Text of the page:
RFi Group Insight - UK: How will Consumers pay this Christmas?

As the end of another year fast approaches, one thing will be front and centre in the minds of many consumers - Christmas shopping. As consumers rush to buy gifts for their loved ones and stock their pantries full of Christmas treats, they will face the choice of how to pay for their Christmas cheer. This year they will have more options than ever before, with numerous mobile wallets launching over the course of the year. With this in mind, RFi Group has taken a look at the latest UK Payments and Innovation Council survey to see how consumers will be paying this festive season.

As was the case last year, when doing their Christmas shopping, consumers prefer to turn to their debit cards. For example, when shopping for a gift in a department store, 39% of consumers will reach for their debit card, making this the most popular form of payment in a department store, consistent with Christmas 2016. Of course, consumers won’t do all of their shopping in-store, with many instead turning to online options including eBay, Amazon, and online department and clothing stores. Although, when shopping online, consumers are still most likely to turn to their debit cards, with 34% and 38% preferring this option, respectively. This is a different story however for eBay consumers, with PayPal the payment method of choice for the largest proportion of consumers, 48%.

"As was the case last year, when doing their Christmas shopping, consumers prefer to turn to their debit cards...however for eBay, PayPal is the method of choice for largest proportion."

Debit cards are again the preferred options for paying for that Christmas turkey, with 41% selecting a debit card as their most preferred option when making purchases at a supermarket. Although debit cards remain the most preferred payment option, there has been some movement in preference towards credit cards. Credit cards are now the most popular payment option in a department store for 34% of consumers, up from 30% in late 2016. At the same time, preference for debit cards online has also declined since the same time last year, with credit cards again picking up the difference. Overall, although debit cards remain the payment method of choice for Christmas spending, there are signs that this is shifting, with consumers increasingly putting those Christmas goodies on credit.

Although the most preferred payment option hasn’t changed since last Christmas, what has changed is the use of contactless. At the end of 2016, 53% of UK consumers had made a payment using a contactless card. Since that time, the proportion has shot up to 68%. And with 71% of those who have made a contactless payment having done so on a debit card, contactless debit card shopping is likely to be in vogue this Christmas. Increased contactless acceptance, or at least increased awareness of contactless acceptance, is a key factor driving the uptick, with 72% agreeing that contactless is accepted by many merchants in 2017, significantly higher than the 67% seen in 2016.

"Increased contactless acceptance, or at least increased awareness of contactless acceptance, is a key factor driving the uptick, with 72% agreeing that contactless is accepted by many merchants in 2017, significantly higher than the 67% seen in 2016."

Last, but certainly not least, is the role of mobile wallets this Christmas. With a number of new mobile wallet services launching during the year, including major players such as Samsung Pay, and the updated Tesco Pay+, it should be of no surprise that mobile wallet usage rose substantially in 2017. Leading into Christmas 2017, 23% of UK consumers have made a payment using a mobile wallet, up from 13% last year. However, mobile wallets are unlikely to play a huge roll in Christmas spending this year as they have struggled to encourage repeat use, with 21% of those who have made a mobile wallet payment saying they are unlikely to use the tool again (0-6 on a scale of 0-10, where 10 is extremely likely). The main barriers to repeat use are a lack of perceived benefits (20%) and satisfaction with contactless cards (23%). A lack of perceived benefits is also a barrier to mobile wallet adoption, with 28% of those who haven’t made a mobile wallet payment citing this as a factor, with security concerns (27%), and confusion about how mobile wallets work (23%), also barriers.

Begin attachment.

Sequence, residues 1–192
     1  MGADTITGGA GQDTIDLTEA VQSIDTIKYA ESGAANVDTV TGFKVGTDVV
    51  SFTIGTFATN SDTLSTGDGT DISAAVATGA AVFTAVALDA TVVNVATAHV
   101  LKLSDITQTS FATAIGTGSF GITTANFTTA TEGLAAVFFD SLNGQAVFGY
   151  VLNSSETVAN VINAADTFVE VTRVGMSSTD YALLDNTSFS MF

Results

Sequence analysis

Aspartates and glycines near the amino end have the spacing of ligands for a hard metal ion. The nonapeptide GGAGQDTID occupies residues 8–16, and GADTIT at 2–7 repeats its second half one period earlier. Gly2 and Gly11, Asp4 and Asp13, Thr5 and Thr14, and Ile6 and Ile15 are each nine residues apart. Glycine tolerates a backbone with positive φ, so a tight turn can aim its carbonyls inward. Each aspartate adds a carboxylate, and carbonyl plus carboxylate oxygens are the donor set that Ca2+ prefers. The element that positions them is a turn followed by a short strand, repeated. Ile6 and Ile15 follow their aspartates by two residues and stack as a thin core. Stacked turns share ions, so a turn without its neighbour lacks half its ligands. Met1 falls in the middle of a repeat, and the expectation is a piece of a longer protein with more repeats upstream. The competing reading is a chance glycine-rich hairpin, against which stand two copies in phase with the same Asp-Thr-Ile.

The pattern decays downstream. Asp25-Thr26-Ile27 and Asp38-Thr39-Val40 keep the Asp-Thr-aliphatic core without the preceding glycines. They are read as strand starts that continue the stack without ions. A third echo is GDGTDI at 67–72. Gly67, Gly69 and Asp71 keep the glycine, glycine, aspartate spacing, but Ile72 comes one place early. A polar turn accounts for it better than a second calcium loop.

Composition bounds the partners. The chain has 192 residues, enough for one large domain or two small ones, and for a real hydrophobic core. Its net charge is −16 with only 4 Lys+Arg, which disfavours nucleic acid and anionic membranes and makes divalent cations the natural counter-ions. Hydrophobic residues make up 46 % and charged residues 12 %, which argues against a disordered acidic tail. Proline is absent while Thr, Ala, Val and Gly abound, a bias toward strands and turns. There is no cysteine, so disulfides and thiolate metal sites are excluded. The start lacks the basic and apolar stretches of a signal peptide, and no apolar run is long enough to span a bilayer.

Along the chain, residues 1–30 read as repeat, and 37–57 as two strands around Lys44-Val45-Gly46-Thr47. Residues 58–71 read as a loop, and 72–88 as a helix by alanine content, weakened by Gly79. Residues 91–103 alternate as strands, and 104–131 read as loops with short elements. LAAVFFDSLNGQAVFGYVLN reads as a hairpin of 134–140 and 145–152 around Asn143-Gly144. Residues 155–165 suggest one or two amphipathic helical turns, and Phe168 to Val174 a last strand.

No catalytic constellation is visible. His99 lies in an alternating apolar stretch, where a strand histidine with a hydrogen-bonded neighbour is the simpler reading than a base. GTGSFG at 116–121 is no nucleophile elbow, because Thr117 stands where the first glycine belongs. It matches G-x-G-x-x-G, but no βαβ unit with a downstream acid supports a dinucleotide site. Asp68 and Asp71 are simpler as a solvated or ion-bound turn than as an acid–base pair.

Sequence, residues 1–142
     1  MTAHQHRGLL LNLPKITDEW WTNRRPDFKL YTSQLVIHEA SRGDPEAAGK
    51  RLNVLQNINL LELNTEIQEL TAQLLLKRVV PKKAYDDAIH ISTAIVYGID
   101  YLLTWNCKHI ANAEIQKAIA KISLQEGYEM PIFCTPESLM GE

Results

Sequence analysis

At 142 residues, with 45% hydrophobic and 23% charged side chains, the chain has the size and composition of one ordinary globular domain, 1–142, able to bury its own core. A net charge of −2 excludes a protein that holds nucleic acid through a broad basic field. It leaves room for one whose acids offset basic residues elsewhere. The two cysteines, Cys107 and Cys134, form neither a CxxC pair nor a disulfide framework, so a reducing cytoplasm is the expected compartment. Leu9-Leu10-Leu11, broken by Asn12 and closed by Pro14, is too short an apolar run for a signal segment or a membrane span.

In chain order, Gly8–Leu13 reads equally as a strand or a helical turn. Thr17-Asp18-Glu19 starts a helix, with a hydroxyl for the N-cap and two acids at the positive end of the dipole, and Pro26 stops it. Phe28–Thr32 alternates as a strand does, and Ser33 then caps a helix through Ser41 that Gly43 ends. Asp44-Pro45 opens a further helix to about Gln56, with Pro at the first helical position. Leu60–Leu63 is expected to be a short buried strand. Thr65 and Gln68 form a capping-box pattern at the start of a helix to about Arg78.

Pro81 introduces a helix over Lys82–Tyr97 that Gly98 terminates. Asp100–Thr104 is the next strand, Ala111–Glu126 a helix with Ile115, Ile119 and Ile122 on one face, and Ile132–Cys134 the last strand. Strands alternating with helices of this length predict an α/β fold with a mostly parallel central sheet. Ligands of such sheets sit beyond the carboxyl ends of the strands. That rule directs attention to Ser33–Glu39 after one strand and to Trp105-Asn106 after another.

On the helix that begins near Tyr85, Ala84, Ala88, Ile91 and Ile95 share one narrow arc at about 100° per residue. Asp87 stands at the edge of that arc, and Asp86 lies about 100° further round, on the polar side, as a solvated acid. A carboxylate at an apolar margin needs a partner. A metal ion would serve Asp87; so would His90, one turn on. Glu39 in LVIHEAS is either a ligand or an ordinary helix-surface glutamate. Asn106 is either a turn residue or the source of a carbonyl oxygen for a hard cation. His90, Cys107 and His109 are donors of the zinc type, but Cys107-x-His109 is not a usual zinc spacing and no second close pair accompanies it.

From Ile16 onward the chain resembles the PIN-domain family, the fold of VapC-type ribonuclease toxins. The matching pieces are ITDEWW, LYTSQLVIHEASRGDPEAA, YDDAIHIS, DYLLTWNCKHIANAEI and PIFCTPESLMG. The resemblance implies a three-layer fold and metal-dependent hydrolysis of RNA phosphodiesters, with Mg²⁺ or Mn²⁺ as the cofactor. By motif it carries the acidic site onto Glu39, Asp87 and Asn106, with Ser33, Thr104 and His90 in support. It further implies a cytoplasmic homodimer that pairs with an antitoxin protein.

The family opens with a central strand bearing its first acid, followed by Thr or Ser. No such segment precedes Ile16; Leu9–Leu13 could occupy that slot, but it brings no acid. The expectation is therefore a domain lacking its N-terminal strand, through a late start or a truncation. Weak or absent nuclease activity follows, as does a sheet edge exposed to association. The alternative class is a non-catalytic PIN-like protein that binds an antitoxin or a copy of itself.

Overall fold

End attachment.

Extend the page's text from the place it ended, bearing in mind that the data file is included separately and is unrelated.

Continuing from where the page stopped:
One area where these barriers might be overcome is in Tesco stores, with Tesco Pay+ successfully driving strong satisfaction and re-use on the back of its introductory rewards offer. Rewards have helped Tesco Pay+ overcome the lack of benefit barrier, and for this reasons Tesco Pay+ could prove popular for families looking to spend on groceries over Christmas, while other mobile wallets may struggle to hold consumer interest. Despite this, mobile wallets are well placed to play a much bigger role in future Christmas’s, with 28% of UK consumers saying they can envision a cashless future, and over half of those believing mobile wallets will be the tool to replace cash.

"Although the most preferred payment option hasn’t changed since last Christmas, what has changed is the use of contactless... mobile wallets are unlikely to play a huge roll in Christmas spending this year as they have struggled to encourage repeat use."

As can be seen, debit cards look set to maintain their spot as the preferred payment method this Christmas, despite credit cards seeing an increase in popularity across the board and a range of new payment options emerging. Contactless payments, on the other hand, will play a bigger role than they have in previous years, as awareness continues to grow. Mobile wallets, on the other hand, look like they will have to wait until next year to be the star of Christmas payments, as consumers struggle to see the benefit they offer over existing payment methods.

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